Fundraising Basics

Fundraising is not just about getting money, it’s about cultivating a collaborative relationship based on common interests.
  • When foundations look to support projects, they are really looking to invest in a shared vision. Through grant-making, funders want to shape the future by empowering you to advance your mission. Funders also have their own mission statements and priorities, which outline their unique worldviews and explanations about how they’d like to improve the status quo.
Fundraising is about long-term partnerships.
  • Getting funding today would be great, but you should be concerned about sustainability. Building long-term relationships with your funders will go a long way towards financial stability, whether they grant in consecutive years or not. Foundations staff might introduce you to other funders or move to a different organization, where they may connect you with additional resources.
Effective fundraising is not just grant-writing; it involves a lot of engagement even before you submit a proposal.
  • Desk research and writing can uncover leads on funders relevant to your work. However, grant proposals are far less effective without direct engagement with foundation staff. Remember, you are one of many organizations appealing for support. What would make you stand out from the other excellent candidates? Pick up the phone or send an email to request a brief conversation and engage the funder about your work. Funder priorities also evolve and may be different from the information on their website. More importantly, you want the opportunity to engage the people behind grant-making, get them excited about your work and give them the opportunity to ask questions. You want to hear how they think about refugees and the rights-based approach, respond to misconceptions and have the opportunity to persuade them why they should care to fill a key protection gap. This can’t be done with words on a page alone.
Effective regular communications with prospective funders is critical to fundraising success.
  • After you’ve had that first conversation with funders, you also want them to remember you in the future, when their priorities might have changed. How might you do this? Most effective organizations use regular e-newsletters and social media posts as basic engagement tools. In addition to content that caters to a broad general readership, regular personalized communications will go a long way towards building healthy funder relationships, and should be considered for your top 10-20 prospective funders. This can be as simple as brief personal emails with updates, or sending your Annual Report with a note, but could also be more resource-intensive, like regular meetings in person.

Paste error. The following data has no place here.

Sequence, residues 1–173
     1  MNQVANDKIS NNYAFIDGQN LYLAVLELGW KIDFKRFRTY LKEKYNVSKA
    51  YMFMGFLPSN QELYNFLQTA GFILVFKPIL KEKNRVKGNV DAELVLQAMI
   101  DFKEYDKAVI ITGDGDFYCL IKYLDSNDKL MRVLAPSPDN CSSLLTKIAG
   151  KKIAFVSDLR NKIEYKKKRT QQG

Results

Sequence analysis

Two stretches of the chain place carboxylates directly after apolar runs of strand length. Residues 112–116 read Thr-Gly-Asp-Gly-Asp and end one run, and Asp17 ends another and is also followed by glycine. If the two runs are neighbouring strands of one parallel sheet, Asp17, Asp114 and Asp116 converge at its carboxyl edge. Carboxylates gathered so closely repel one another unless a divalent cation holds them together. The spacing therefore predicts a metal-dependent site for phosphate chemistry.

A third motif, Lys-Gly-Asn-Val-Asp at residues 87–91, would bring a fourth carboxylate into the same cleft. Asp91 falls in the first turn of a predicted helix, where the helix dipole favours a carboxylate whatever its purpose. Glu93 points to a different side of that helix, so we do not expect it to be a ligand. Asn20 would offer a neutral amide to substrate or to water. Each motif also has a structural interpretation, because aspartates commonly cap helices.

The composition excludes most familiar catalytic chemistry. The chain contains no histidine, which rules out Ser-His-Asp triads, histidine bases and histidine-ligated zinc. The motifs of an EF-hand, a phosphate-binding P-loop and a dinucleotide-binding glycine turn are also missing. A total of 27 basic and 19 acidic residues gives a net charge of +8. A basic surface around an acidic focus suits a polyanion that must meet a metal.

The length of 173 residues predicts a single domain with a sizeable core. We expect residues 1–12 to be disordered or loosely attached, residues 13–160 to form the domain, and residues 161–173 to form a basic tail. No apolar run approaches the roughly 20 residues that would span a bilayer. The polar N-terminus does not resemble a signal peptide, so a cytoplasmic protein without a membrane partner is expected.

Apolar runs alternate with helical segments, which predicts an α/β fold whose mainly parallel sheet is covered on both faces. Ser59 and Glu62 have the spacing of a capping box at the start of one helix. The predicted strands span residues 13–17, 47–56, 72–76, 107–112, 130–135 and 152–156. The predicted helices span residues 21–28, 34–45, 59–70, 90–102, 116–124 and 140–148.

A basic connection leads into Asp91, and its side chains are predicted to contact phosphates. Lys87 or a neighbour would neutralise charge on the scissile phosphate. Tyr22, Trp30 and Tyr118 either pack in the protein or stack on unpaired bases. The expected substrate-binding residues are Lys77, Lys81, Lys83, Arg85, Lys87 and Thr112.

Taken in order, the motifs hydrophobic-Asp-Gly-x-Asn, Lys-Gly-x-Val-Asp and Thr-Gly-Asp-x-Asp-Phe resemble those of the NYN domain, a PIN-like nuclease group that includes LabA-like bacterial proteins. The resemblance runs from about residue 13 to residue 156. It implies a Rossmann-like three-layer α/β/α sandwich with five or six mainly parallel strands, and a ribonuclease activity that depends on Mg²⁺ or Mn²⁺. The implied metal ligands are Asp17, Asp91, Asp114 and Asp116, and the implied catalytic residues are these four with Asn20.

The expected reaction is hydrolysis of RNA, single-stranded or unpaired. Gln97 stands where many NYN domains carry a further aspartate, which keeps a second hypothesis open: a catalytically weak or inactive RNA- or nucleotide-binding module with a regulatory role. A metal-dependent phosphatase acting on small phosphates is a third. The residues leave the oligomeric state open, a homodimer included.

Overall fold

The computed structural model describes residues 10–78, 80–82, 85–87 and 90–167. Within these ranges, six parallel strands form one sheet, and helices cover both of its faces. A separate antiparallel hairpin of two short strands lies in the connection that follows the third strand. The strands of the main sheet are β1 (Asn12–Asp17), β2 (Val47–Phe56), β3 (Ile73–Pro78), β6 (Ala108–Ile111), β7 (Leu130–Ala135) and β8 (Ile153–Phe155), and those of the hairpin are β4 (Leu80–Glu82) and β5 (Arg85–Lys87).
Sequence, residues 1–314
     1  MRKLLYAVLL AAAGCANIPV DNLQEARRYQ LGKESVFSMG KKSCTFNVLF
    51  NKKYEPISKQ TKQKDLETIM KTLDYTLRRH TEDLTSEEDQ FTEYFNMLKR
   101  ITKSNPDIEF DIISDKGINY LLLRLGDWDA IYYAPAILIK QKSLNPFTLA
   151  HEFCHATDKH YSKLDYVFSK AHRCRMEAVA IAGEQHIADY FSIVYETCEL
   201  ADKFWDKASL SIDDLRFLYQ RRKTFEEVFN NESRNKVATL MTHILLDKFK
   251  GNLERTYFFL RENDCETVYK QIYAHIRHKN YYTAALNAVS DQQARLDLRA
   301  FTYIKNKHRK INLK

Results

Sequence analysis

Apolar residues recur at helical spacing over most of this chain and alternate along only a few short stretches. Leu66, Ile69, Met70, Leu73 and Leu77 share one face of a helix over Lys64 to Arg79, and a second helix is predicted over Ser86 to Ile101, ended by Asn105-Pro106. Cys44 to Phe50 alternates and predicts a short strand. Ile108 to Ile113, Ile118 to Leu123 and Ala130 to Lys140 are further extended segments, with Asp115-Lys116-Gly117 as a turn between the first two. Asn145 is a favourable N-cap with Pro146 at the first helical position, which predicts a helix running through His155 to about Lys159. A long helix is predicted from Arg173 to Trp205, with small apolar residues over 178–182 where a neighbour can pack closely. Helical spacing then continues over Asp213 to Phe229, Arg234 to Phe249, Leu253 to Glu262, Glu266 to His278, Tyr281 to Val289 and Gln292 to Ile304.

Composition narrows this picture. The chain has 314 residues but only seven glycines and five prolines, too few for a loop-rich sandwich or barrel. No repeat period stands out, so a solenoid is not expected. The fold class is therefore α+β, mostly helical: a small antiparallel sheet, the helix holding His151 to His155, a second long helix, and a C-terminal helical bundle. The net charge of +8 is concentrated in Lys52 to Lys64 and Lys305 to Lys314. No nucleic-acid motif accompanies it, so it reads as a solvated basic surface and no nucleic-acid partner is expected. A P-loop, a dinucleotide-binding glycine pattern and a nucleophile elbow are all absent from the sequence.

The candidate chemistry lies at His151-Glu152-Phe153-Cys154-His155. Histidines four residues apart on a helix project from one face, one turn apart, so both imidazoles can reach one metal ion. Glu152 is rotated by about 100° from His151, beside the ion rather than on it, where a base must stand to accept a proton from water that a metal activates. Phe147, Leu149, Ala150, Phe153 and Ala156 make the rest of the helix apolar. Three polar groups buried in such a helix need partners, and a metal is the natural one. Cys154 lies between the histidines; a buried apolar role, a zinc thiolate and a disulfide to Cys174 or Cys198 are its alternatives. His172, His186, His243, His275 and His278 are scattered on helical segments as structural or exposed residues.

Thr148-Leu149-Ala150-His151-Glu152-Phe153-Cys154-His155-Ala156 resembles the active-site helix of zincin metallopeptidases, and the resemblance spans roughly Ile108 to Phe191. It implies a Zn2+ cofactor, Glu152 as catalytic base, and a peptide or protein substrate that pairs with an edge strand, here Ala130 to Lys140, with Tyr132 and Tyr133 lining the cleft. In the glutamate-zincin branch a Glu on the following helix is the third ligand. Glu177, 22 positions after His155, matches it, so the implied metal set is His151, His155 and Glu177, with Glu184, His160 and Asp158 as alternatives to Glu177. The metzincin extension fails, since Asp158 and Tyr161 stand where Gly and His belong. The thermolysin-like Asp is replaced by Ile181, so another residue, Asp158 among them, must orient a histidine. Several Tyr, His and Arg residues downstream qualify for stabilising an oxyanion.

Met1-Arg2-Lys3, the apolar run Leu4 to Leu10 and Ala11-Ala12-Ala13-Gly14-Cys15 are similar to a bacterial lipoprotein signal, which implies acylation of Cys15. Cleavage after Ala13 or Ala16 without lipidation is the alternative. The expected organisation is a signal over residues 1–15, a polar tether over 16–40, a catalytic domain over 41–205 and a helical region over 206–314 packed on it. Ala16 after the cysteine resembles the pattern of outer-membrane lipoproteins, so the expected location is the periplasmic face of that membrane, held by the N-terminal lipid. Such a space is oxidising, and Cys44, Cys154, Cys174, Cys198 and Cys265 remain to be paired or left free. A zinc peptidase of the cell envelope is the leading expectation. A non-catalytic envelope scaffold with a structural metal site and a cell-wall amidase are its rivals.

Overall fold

Find a way to keep track of these relationships in a systematic fashion.
  • When you’ve been fundraising for a year and connected with dozens of prospective funders, you won’t be able to remember all these interactions, nor will you want to explain them individually to new staff. More importantly, you don’t want to waste staff time on re-doing research or relationship creation you started a while ago; you want them to focus on building on your efforts. Depending on your needs, you might use something simple like a Google spreadsheet or more complex Customer Relationship Management tools like Salesforce. The tool should record key pieces of information in a simple and easy-to-understand manner.

As you develop best practices for fundraising and build a larger organization with greater resources, you want to ensure that fundraising processes and expectations are clear throughout the organization. The separation of fundraising and program staff is often inevitable for medium or large organizations where fundraising for a larger budget requires more time and resources.

As Asylum Access grew as an organization, it began engaging full-time fundraising staff to allow refugee legal advocates to focus on providing legal assistance. With three offices providing legal aid and fundraising led by staff in San Francisco, clear communication was essential. Guidelines and a variation of our Grants Pipeline can help facilitate effective processes:

Even with these tools, differences in perspective between fundraising and program staff might lead to issues in fundraising. Effective communications is essential to ensure accountability and transparency both ways. Fundraising staff should respect that program staff understand the context best and know what is achievable, while program staff should understand that fundraisers know how best to frame an issue to funders who need to understand an issue and impact clearly without knowing every detail.

Avoid expanding into services outside your organization’s original mission
  • Expanding beyond your core mission, even to provide much-needed services, may negatively impact your ability to achieve your key long-term goals. Think about whether providing a new service in-house is the best solution. Is the new activity directly related to your mission? How? Will it take resources away from your primary mission? Would it be more effective to use other methods to deal with these needs, such as referrals to existing organizations already effective at this work?

Information in this Toolkit is meant to guide your fundraising process based on lessons learned by Asylum Access, but there is no short cut to successful fundraising other than trying it yourself, doing research for your specific context, fine-tuning your approach to fundraising. Use this as a resource to kickstart your activities, but remember that you’ll need to find what formula works best for your organizational needs. Good luck!

Further resources: